U.S. soybean shipments to China, its largest buyer, reached 2.6 million tons, according to Chinese customs data. The deliveries marked a sharp turnaround from November 2018, when China's purchases dropped to zero from 4.7 million tons just a year earlier, dealing a blow to U.S. growers as a trade fight heated up between Beijing and the Trump administration.
China relies on soybeans to feed its pig herd, which totaled 440.6 million heads in March 2018, by far the largest in the world, according to Statista data. However, the herd has been depleted by as much as half due to an outbreak of African swine flu.
As part of the deal U.S. trade deal reached Dec. 12, China promised to purchase $200 billion of new U.S. products over the next two years, including $50 billion of agriculture, in addition to making reforms on intellectual property theft, technology transfer and financial services. The agreement has not yet been put in writing.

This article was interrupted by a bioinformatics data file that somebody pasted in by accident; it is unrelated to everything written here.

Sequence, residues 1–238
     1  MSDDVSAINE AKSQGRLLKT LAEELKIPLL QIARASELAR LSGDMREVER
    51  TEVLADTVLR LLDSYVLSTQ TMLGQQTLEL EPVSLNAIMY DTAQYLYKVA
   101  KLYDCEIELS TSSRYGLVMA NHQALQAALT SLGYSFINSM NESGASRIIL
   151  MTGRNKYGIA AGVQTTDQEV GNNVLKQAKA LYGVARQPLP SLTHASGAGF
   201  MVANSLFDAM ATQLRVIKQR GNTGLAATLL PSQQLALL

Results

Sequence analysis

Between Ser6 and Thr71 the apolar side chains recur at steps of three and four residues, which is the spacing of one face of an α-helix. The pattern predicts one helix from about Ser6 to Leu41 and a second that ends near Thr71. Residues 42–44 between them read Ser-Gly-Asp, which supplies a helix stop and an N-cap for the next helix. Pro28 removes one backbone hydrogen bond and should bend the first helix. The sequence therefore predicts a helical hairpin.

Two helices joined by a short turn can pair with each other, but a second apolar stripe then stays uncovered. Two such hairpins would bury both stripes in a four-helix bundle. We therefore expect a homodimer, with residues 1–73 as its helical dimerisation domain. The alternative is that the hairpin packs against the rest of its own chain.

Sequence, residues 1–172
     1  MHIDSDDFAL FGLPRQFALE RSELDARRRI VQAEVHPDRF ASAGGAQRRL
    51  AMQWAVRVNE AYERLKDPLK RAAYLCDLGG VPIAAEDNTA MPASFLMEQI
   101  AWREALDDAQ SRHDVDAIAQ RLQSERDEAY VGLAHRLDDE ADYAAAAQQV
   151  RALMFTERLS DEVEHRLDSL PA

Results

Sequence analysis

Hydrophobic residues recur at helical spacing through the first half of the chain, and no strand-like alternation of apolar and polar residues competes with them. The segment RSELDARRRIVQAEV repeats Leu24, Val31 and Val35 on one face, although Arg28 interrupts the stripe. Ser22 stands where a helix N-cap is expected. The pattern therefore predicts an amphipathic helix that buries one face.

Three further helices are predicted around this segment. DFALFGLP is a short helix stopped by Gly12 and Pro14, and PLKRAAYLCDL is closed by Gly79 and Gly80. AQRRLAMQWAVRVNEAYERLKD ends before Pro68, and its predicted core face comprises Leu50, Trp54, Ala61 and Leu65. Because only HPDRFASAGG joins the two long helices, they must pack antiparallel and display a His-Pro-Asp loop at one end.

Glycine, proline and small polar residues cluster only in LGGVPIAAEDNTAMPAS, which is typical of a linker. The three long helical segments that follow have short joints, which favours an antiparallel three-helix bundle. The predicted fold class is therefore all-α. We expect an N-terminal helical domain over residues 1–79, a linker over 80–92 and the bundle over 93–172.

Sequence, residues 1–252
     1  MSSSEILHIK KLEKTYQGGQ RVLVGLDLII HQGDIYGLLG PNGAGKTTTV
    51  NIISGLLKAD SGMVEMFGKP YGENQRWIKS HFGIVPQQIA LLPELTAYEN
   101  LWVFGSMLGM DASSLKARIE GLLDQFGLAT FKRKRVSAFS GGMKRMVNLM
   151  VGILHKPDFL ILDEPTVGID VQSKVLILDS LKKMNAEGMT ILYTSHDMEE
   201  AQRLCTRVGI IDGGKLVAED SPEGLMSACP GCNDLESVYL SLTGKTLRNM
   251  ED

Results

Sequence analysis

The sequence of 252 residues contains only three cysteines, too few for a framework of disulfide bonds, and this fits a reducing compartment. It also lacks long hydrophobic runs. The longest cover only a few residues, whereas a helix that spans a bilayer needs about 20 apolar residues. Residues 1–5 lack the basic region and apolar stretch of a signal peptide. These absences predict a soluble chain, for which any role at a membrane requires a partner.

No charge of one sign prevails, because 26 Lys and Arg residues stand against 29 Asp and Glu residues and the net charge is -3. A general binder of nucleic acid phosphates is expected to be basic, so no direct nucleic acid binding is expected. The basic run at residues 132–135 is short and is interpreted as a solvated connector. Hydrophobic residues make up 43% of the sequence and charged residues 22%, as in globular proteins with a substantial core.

On Monday, President Trump said he and Chinese President Xi Jinping would eventually get together to sign the agreement.
“When we get together, we will do [it.] But we’ll have a quicker signing [first] because we want to get it done,” Trump told reporters at Mar-a-Lago. “The deal is done. It’s just being translated right now.”